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Adobe Premiere Elements 12 review

Our Rating :
Price when reviewed : £73
inc VAT

Packed with impressive features for both novices and experts, but there's room for further refinement


The big news for advanced users is the introduction of Adjustment Layers, another concept that’ll be familiar to Photoshop Elements users. An Adjustment Layer is a virtual object on the timeline, and its effects settings are applied to any objects that sit below it on other timeline tracks. It could be used to apply a blanket effect to a sequence of clips or an entire project without having to add it to each clip in turn. It’s also handy for applying effects to clips that are stacked vertically, such as a video with text and graphic overlays.

Adjustment Layers bring other advantages, too. The Opacity control makes it easy to adjust the overall strength of the effect and fade it in and out. Adjustment Layers also make it much easier to use the FilmLooks effects introduced in version 11. These aren’t distinct effects in themselves, but are presets that draw on various other effects to give video a film-like appearance. Think of them as the video equivalent to Instagram filters. Applying them as an Adjustment Layer makes the FilmLook effect much easier to use across an entire project. Adobe has added four new FilmLooks presets, bringing the total to 16.

We had hoped that Adjustment Layers would also provide a way of applying effects to a limited area of the frame. We could do so by adjusting the Adjustment Layer’s size and position using the Motion settings, and we could even animate its size and position. However, it was limited to a rectangular shape. We tried creating circular, soft-edged masks by applying the Image Matte Key effect to the Adjustment Layer object but, disappointingly, this resulted in black pixels rather than limiting the effect to a small area.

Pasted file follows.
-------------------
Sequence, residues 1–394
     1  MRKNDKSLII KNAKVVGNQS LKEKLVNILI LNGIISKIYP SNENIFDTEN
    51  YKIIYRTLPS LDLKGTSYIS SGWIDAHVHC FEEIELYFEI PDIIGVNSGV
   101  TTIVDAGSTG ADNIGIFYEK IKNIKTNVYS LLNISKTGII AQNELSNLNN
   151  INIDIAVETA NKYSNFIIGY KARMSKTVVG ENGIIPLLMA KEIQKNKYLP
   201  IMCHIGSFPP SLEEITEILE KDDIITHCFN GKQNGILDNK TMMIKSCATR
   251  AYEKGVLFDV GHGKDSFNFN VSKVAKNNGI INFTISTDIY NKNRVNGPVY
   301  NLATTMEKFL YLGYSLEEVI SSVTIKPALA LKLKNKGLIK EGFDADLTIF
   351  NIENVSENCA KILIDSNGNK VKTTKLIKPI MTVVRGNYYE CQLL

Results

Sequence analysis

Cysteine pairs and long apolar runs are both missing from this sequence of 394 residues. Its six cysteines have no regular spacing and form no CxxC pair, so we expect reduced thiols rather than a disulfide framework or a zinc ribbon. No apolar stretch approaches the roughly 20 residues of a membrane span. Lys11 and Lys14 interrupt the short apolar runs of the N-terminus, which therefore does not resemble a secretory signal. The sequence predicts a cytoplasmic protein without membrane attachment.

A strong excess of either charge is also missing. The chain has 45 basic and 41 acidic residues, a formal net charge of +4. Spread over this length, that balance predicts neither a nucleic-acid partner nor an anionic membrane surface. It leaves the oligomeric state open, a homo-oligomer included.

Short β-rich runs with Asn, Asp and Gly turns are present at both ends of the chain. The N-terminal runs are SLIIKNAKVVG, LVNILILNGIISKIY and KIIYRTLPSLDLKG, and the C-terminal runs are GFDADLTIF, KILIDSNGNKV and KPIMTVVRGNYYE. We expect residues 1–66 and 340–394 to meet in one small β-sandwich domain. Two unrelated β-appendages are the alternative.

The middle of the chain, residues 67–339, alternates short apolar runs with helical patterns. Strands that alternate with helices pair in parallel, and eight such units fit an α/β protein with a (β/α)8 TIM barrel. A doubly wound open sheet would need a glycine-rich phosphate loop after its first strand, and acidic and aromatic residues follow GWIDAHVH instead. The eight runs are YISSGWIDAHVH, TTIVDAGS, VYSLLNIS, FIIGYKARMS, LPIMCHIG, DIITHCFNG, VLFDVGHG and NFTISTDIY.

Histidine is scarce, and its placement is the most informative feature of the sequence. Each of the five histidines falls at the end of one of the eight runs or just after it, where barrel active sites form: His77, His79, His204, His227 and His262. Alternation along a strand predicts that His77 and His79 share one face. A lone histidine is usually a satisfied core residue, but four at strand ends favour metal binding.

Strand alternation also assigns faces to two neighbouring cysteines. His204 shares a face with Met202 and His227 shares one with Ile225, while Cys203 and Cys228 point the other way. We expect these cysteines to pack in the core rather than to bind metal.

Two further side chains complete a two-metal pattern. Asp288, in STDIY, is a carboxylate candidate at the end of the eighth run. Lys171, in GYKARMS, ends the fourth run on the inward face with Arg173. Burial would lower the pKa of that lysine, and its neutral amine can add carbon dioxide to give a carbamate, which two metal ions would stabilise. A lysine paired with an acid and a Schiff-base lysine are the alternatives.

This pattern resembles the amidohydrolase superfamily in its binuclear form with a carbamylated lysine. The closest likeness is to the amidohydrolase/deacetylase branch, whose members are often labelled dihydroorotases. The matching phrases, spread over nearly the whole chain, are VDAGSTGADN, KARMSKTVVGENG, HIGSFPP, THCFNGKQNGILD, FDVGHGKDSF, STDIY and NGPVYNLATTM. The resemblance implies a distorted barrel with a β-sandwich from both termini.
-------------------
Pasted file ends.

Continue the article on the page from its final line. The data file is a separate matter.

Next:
Adobe Premiere Elements 12 - Composite
Premiere Elements 12 includes some sophisticated tools for combining clips, but using them in tandem can be cumbersome

We encountered similar obstacles when we attempted to use Premiere Elements for an advanced editing project involving various green-screen and masking techniques. There’s no shortage of powerful tools here, but attempting to use them in combination left us feeling that Premiere Elements isn’t refined enough to deliver its full potential. The lack of track mute and solo buttons made it hard to manage complex sequences involving lots of stacked clips, and the lack of ripple-editing options (which dictate how clips move on the timeline) posed further complications.

For advanced projects, it’s noticeable that Premiere Elements isn’t based on the same underlying code as Adobe Premiere Pro, despite their operational similarities. Sony does things differently, with Sony Movie Studio Platinum 12 being the same as Sony Vegas Pro 12 but with various features omitted. On paper, Premiere Elements comes top for advanced features, but in practice Movie Studio Platinum feels more capable and precise. Both are ideal for home users, but Sony’s Movie Studio Platinum remains our top recommendation.

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